SERWER: I really think they have. There's no question in my mind, Jack and Christine, because all they're doing now is defending the CEO. All the CEO is doing is defending himself. Eisner has been lobbying pension funds, going out there. Even if he survives this, then he has to fend off the ComCast bid, that's in large part because of the weakness of the company because of his leadership. It's all about Michael Eisner. That's not a good thing.
ROMANS: One thing about Michael Eisner that is so amazing is over the past ten years alone, he has made more than $1 billion running this company. It comes out to something like $825,000 a month running this company.
CAFFERTY: For himself.
ROMANS: For himself. That is a lot of money. When you are paid that much money you start to come under fire from folks who want to see changes in corporate governance, want to see pay for performance.
Disney, they honestly have came out today with a big full-page ad in the "New York Times," and said look, double digit returns for investors over the past year. We have earnings growth forecasts, double digit returns for the next couple of years, but California pension folks say we have a negative return for the past five years, that's all we care about. CAFFERTY: Potentially this ComCast deal could be a blockbuster deal if it works. If the idea of marrying content to a system to deliver it, if that business model would prove to be good. Do you buy the stock based on what happens to Eisner, the fact he will probably be out at some point, and not in the to distant future, and maybe this deal goes together, and maybe it does work, unlike AOL and Time Warner?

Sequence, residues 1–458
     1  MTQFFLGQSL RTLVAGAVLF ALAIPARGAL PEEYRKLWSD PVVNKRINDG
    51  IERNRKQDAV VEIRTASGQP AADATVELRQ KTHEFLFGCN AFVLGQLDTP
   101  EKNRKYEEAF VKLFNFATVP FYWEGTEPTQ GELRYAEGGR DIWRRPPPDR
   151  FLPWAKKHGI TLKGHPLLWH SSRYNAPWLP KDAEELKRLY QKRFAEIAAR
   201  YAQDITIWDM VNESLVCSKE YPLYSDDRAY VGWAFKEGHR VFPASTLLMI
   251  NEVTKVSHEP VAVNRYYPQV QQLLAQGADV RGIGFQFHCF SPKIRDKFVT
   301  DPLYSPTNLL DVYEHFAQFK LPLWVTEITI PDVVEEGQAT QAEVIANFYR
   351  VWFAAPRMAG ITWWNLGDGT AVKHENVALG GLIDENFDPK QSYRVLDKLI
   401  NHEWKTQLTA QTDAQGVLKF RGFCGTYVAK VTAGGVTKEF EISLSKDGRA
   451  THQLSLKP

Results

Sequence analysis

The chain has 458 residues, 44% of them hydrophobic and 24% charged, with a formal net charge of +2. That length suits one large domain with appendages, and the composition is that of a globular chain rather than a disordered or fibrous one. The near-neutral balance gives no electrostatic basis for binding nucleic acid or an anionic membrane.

ROMANS: The company dismissed it (UNINTELLIGIBLE), though.
CAFFERTY: That does not mean anything.
SERWER: I think the stock is a good value over the long terms. It's gone nowhere for a long time. Eventually this thing will sort itself out. They will get this company back on track. I think overtime, you are starting a low base. That's what it is all about in investing.
LISOVICZ: You know why drama, because the annual shareholders meeting is in Philadelphia. Headquarters of what company?
ROMANS: It will be very interesting.
CAFFERTY: They dismissed it out of hand perhaps because there probably isn't enough money on the table yet. But we'll have to wait and see. That's a look of the "Stock of the Week."
There's much more ahead on IN THE MONEY as we continue. Coming up next, CPR for a dying marriage. Dr. Laura Schlessinger says she knows how to bring husbands and wives back from the brink. We will see if you agree with what she has to say.
Later on, Reality TV puts on a suit and tie. We will look at "The Apprentice" and what it has done for Donald Trump. He is suddenly hot again.